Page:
In a 2009 history of 47th Ward politics by Ben Joravsky in the Chicago Reader, Schulter was called “one of the most cautious cats in the City Council.”

In 1968 (Richard J) Daley anointed Ed Kelly, soon to be named general superintendent of the Park District, as the (47th) ward’s Democratic committeeman, the party’s ward boss. In those days the job consisted of building and marshaling a patronage army that could deliver the vote on Election Day—and the better the results, the more jobs and power were granted from the mayor. Kelly was just what Daley was looking for. He handed out Park District jobs and chipped away at Hoellen’s base, and by 1975 he had enough campaign workers to oust this gadfly once and for all. All he needed was a candidate.

Kelly drafted Schulter, then a 27-year-old aide in the county assessor’s office, to run against Hoellen for alderman. “We needed a German name to run against Hoellen and Schulter is a German name,” says Kelly. “I bought up all the billboards in the area. Put Schulter’s name all over the ward. People didn’t know Schulter’s name when the election started. They did at the end.”

Schulter remembers things a little differently. As he recalls it, he wasn’t exactly a creation of Kelly’s organization. “Yes, I had the Democratic Party’s support, but I had a lot of support in the area,” he says. “I was a community activist.”

The 26 or 28 year old “community activist” played get-along and go-along politics at first. In the council wars he first sided with his political mentor, Kelly, working to block Mayor Harold Washington from appointing replacement Park District Board members. Schulter’s biography in CloutWiki notes:

The parks stalemate broke following the 1986 special Council elections, when the council tied between Washington supporters and Vrdolyak supporters, giving Washington the tie-breaking vote. One of the new council’s first actions was to appoint a new Park District Board and oust Kelly. In response, Schulter startled his long-time mentor, Kelly, by moving out of Kelly’s 47th Ward office and switching his support to Mayor Washington. Schulter supported Washington in 1987 and began a long-running enmity with Kelly.

With Kelly in control of the Ward organization and Schulter in City Council, the next 16 years were tense. Members of the 47th Ward Democratic organization wanted to replace Schulter, but were held back by Illinois Senator Bruce Farley and also by Kelly’s lack of interest.

Farley’s conviction on mail fraud in 1999 changed the equation.

In 2000 Schulter took on Kelly directly, running for 47th Ward Committeeman. Schulter lost that election by 153 votes. When Schulter ran again four years later the 80 year-old Kelly did not oppose him.

Schulter’s independent streak manifested itself again in 2010.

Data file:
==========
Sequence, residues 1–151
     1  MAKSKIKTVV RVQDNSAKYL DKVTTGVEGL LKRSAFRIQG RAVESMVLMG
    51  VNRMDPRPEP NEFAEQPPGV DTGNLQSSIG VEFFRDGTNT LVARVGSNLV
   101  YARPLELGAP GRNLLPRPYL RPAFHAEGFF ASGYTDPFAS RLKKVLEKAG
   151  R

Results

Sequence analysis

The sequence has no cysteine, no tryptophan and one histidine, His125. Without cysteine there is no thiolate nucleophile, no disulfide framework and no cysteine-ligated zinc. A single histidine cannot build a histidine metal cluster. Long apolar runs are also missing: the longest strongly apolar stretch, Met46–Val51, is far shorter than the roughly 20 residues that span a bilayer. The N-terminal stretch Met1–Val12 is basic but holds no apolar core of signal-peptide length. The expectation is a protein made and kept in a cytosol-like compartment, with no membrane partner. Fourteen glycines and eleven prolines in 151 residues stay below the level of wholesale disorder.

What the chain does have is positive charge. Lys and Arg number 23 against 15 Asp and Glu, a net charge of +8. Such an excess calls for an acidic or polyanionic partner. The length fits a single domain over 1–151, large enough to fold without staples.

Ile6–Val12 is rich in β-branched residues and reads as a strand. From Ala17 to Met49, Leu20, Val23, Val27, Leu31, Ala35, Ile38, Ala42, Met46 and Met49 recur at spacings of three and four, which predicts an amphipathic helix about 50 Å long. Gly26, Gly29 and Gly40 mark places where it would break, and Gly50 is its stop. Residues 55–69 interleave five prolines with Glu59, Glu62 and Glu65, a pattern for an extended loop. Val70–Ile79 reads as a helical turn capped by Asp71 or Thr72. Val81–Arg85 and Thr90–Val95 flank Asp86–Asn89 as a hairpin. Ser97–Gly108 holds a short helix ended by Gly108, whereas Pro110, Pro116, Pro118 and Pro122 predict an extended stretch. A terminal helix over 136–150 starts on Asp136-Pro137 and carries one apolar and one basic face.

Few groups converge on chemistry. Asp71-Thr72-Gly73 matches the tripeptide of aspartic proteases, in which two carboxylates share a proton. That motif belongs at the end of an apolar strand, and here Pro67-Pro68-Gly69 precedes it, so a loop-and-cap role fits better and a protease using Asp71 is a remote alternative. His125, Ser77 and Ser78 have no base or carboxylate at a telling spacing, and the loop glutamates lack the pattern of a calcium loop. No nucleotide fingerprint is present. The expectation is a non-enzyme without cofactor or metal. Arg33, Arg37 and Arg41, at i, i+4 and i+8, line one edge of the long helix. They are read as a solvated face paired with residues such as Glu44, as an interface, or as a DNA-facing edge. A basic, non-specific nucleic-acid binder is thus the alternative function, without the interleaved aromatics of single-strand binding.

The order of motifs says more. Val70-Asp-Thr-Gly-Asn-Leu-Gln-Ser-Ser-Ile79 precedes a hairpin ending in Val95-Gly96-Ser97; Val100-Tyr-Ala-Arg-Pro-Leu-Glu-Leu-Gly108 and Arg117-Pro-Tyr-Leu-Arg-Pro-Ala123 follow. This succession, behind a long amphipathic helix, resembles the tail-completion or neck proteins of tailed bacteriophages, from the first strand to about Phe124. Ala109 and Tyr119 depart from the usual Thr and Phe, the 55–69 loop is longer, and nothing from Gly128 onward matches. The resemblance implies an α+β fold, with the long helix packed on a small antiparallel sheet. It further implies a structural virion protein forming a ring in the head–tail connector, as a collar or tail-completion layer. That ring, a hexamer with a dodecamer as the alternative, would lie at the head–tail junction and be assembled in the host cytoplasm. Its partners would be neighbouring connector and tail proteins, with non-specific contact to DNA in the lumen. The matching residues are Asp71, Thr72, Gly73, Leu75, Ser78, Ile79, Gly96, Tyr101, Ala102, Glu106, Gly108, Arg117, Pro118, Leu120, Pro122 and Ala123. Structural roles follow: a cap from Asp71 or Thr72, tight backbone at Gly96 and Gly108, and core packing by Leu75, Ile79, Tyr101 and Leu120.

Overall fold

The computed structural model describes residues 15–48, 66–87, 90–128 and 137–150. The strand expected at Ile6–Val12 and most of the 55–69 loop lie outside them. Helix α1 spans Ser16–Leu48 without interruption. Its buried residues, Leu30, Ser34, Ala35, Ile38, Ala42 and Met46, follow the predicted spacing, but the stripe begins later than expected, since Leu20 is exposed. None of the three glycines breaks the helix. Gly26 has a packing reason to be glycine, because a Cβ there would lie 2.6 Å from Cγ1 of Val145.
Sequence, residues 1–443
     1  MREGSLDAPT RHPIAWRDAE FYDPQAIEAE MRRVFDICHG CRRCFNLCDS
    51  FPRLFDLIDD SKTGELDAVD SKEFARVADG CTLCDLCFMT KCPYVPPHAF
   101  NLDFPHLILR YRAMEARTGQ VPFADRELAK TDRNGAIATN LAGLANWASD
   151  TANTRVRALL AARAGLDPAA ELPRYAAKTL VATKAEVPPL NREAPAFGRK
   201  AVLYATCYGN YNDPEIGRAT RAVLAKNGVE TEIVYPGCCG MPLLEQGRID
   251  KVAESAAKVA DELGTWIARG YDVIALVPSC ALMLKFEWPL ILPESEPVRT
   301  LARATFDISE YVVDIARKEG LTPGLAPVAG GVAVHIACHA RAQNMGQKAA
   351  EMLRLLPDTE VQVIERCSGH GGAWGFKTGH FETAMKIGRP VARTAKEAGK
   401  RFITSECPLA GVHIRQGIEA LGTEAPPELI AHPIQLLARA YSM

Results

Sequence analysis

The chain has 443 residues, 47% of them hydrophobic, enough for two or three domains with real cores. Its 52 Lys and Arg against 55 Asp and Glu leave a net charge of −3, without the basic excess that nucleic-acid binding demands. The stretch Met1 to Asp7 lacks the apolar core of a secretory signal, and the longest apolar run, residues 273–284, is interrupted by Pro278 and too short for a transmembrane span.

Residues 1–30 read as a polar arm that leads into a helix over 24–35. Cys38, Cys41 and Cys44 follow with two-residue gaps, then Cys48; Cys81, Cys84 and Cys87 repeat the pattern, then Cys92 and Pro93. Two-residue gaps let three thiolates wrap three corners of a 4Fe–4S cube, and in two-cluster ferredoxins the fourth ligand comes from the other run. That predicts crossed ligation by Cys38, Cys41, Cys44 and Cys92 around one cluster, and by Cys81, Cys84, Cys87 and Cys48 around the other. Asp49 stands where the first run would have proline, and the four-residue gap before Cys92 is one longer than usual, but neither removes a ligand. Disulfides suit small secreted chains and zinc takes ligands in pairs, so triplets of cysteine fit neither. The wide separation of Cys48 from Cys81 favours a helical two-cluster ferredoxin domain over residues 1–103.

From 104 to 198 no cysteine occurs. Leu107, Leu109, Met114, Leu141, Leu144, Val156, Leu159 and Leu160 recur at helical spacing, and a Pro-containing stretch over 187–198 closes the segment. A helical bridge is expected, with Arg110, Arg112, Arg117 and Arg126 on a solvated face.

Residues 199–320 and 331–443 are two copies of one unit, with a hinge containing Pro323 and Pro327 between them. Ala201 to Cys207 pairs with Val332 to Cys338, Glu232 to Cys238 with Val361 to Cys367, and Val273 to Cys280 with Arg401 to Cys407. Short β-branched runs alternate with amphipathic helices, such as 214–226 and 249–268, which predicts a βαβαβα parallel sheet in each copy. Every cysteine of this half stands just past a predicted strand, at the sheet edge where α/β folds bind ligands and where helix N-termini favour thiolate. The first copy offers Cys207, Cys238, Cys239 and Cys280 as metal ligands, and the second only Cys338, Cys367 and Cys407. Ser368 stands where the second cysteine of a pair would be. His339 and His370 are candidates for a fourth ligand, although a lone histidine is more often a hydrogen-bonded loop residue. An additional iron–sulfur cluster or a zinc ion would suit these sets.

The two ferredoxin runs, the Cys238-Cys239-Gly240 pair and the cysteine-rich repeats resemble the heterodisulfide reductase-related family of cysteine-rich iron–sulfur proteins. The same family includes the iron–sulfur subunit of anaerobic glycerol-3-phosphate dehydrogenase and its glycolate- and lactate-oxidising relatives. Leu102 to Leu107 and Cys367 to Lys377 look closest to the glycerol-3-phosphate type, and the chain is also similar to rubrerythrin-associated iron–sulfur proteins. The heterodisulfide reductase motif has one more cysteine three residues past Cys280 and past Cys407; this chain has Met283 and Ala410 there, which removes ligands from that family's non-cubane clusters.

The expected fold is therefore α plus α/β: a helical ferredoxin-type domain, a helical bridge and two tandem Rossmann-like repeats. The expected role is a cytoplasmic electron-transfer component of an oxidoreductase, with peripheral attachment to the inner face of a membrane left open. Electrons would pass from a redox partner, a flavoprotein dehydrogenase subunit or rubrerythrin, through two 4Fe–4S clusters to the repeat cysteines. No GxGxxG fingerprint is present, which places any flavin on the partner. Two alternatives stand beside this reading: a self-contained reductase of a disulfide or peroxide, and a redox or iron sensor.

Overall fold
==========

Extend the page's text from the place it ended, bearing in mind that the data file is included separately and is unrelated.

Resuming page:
In that campaign, Cook County Democratic Party boss Joe Berrios ran for Cook County Assessor.

Berrios had won an early primary in 2010, gaining the party’s nomination with just 40.58 percent of the vote. His election was challenged by the editorial pages of the Chicago Tribune and Chicago Sun-Times.

However, it was only after Forrest Claypool’s entry as an independent that there was a chance of success of defeating Berrios, according to political watchers.

Schulter joined other Democrats opposing Berrios and supporting Claypool. Berrios gathered more than twice as many votes in the city as all other candidates combined, and 48.03 percent of votes in the county overall.

The 1987 split with Kelly reappeared as Schulter’s end was forecast by anonymous commenters on sites such as CapitalFax.com. Older precinct captains indicated they hadn’t forgotten what “Mean Gene” had done to mentor Kelly. Berrios didn’t need to wait long to deal with Schulter.

In December 2010 Schulter announced he would seek the opening on the Cook County Board of Review created by Berrios’ move to the assessor’s office.

As noted at the time in The Bulldog, Berrios opposed Schulter’s appointment.

Schulter threw an all-in bet, announcing he would not seek reelection as alderman.

As the door closed on Schulter’s bid for alderman, his bid to be on the Cook County Board of Review closed too. In late January 2011 Schulter was passed over for the position.

That left Schulter supporting Tom O’Donnell’s failed bid for alderman in the 2011 municipal election.

Schulter’s ability to support candidates had been in question for several years.

For example, in the 2010 primary Schulter had backed Dan Farley against two candidates for the 11th Legislative seat. Ann Williams, who was supported by Lisa Madigan won the election with 46.23 percent. Farley, the son of Bruce Farley, garnered just 32.06 percent of the vote.

A further example is Schulter’s attempt to fill the seat of Larry McKeon in 2006. In a four hour executive session of four Democratic committeemen, Schulter’s candidate, Tom O’Donnell was abandoned as Schulter, with 32.85 percent, joined committeemen Patrick O’Connor, (D-40) 21 percent, and Tom Sharpe, (D-46) 35.75 percent, in appointing Greg Harris.

Nevertheless, Schulter remains well funded, with $8,092 available under his control in the Democratic Party of the 47th Ward and $834,600 available to him through Citizens for Gene Schulter.

 

1Stewart has the age for Schulter at the beginning of his term as 27. The website of the City has it listed as 26, which is the age used by The Bulldog. However, further clouding this small detail, Schulter’s birthdate is listed as November 14, 1947. If he took office in 1975, how could he be 26 and born in 1947? Perhaps we should demand the birth certificate?

Read Part 2 of the Schulter legacy.

*** UPDATE 05/16/2011 1.19P *** Schulter did not move out of Kelly’s offices until 1997.